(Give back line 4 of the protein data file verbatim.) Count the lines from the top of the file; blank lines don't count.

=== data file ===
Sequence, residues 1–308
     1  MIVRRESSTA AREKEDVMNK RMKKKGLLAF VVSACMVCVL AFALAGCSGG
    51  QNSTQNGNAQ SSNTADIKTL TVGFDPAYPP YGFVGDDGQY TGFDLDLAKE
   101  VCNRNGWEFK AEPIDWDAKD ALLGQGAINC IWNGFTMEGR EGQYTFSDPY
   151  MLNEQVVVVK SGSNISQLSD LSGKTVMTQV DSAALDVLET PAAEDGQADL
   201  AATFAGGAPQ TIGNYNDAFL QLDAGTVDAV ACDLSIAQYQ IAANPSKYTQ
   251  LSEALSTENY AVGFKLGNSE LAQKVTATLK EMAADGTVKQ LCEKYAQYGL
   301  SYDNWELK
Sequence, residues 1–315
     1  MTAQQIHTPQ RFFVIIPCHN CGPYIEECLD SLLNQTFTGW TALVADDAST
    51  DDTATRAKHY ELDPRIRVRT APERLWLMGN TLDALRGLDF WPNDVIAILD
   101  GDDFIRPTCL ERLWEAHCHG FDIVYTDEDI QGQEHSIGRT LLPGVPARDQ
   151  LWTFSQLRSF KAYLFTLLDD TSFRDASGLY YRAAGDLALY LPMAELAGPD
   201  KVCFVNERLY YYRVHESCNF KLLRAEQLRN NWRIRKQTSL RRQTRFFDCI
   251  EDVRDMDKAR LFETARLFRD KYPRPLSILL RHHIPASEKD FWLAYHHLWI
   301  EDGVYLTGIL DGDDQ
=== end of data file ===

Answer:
   101  VCNRNGWEFK AEPIDWDAKD ALLGQGAINC IWNGFTMEGR EGQYTFSDPY